By Jueseppi B.
“Watching the debate over the course of the last week, I thought it might be useful for me to expand on my thoughts a little bit,” the President said:
“You know, when Trayvon Martin was first shot I said that this could have been my son. Another way of saying that is Trayvon Martin could have been me 35 years ago. And when you think about why, in the African American community at least, there’s a lot of pain around what happened here, I think it’s important to recognize that the African American community is looking at this issue through a set of experiences and a history that doesn’t go away.”
“There are very few African American men in this country who haven’t had the experience of being followed when they were shopping in a department store. That includes me. There are very few African American men who haven’t had the experience of walking across the street and hearing the locks click on the doors of cars. That happens to me — at least before I was a senator. There are very few African Americans who haven’t had the experience of getting on an elevator and a woman clutching her purse nervously and holding her breath until she had a chance to get off. That happens often.”
“And I don’t want to exaggerate this, but those sets of experiences inform how the African American community interprets what happened one night in Florida. And it’s inescapable for people to bring those experiences to bear. The African American community is also knowledgeable that there is a history of racial disparities in the application of our criminal laws — everything from the death penalty to enforcement of our drug laws. And that ends up having an impact in terms of how people interpret the case.”
This statement by The President hit home, and needs to be the focus of the move against many states that have a Stand Your Ground type law on the books:
“And for those who resist that idea that we should think about something like these “stand your ground” laws, I’d just ask people to consider, if Trayvon Martin was of age and armed, could he have stood his ground on that sidewalk? And do we actually think that he would have been justified in shooting Mr. Zimmerman who had followed him in a car because he felt threatened? And if the answer to that question is at least ambiguous, then it seems to me that we might want to examine those kinds of laws.”
Thank you Mr. President, for bringing racism out of the back room and into the forefront of discussion…..until the media has something more pressing to waste out time with.
The complete press conference can be found here….
President Obama discusses Trayvon Martin: The President surprised the White House Press Corps today with an appearance in the Briefing Room to talk about Trayvon Martin and the verdict in the trial following the teenager’s death.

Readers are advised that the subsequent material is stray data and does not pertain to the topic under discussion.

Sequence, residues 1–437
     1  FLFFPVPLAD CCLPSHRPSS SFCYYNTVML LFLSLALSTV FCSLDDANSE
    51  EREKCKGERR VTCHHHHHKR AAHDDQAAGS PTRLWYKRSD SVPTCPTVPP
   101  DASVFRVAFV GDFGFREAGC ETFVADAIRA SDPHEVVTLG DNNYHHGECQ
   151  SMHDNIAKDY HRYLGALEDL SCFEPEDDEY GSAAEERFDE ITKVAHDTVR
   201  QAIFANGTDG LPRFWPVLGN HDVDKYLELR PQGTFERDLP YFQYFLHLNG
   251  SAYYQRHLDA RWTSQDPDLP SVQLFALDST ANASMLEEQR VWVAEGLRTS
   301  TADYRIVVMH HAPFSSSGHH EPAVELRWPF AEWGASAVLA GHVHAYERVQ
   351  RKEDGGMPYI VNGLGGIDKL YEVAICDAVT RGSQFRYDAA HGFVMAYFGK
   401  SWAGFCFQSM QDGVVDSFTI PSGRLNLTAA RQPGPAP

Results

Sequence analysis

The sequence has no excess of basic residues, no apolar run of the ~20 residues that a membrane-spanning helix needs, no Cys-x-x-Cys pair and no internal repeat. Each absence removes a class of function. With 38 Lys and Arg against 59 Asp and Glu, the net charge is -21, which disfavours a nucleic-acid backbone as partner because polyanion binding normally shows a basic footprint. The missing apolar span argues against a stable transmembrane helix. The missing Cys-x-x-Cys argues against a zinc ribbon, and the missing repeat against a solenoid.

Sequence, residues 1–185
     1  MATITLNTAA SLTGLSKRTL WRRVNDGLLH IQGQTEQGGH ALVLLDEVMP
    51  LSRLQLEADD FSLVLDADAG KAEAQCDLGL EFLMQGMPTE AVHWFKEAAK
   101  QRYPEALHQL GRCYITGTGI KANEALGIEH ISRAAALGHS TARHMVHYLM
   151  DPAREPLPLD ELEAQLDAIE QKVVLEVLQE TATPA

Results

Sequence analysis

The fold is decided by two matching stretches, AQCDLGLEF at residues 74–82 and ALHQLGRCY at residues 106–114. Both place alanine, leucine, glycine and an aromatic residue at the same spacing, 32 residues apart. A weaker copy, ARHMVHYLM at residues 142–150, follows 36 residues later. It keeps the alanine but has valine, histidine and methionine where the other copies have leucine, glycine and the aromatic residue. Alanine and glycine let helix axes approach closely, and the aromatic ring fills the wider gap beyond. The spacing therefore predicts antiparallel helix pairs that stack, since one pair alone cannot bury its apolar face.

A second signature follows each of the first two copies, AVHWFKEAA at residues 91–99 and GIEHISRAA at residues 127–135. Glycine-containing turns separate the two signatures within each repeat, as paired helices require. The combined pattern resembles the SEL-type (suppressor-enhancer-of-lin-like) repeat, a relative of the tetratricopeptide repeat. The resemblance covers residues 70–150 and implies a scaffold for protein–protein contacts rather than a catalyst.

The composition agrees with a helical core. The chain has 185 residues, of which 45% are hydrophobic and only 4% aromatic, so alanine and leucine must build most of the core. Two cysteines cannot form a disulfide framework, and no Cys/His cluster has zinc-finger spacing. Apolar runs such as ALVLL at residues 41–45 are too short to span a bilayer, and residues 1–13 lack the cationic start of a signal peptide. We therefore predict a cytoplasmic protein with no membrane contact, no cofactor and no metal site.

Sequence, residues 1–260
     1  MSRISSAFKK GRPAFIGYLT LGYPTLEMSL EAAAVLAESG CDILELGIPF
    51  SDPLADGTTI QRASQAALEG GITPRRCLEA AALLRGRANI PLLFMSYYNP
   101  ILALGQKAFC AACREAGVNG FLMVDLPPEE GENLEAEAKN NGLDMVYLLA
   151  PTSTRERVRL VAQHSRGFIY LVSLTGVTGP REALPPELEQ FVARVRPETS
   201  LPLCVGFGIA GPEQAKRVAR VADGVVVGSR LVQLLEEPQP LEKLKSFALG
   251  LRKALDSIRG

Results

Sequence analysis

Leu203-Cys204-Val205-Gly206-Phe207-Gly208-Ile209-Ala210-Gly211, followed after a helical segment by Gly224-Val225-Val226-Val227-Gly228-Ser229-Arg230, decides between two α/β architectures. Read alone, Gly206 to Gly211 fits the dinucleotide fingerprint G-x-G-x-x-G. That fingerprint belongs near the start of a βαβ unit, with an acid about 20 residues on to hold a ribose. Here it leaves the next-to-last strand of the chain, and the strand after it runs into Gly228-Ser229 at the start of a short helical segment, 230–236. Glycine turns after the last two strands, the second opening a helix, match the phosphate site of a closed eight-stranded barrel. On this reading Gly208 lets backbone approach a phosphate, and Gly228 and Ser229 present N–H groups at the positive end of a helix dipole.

Caucasian, some, not all but most, just don’t understand, or “get it.”
A humans life experiences impact and shape exactly how that American views America.
Let me be crystal clear for you, if you’re caucasian, and live in America, you’ve never been profiled by the color of your skin, You’ve never been driving in a car, nice/expensive or otherwise, with some of your friends in broad daylight, and been stopped, pulled over, by police.
Just because you and your buddies were Black. Thats called Driving While Black (DWB)
There is a movie named “The Five Heartbeats” where a scene shows the 5 singers traveling across the south from one singing engagement to the next, trying to make it in the music business working “The Chitlin Circuit” as it was called back in the day.
These 5 young men get pulled over by two obviously racist cops, and are made to get out of the car, sit on the curb while their car is searched, their suitcases opened and inspected. Finally to prove that they are indeed entertainers, they are told to “sing something for us.” The humiliation evident on their faces as they sadly sing their number 1 hit for these caucasian cops, it was an emotionally choking experience to anyone watching that scene.
Caucasians Americans do not experience that. Caucasians don’t know how it feels for a Black man to have a police cruiser pull up behind you and follow you for 5 blocks, while that cop is running your plates, because you are a Black man driving your car to Target to buy some milk & flour for your family.
More From The President:
“And so the fact that sometimes that’s unacknowledged adds to the frustration. And the fact that a lot of African American boys are painted with a broad brush and the excuse is given, well, there are these statistics out there that show that African American boys are more violent — using that as an excuse to then see sons treated differently causes pain.”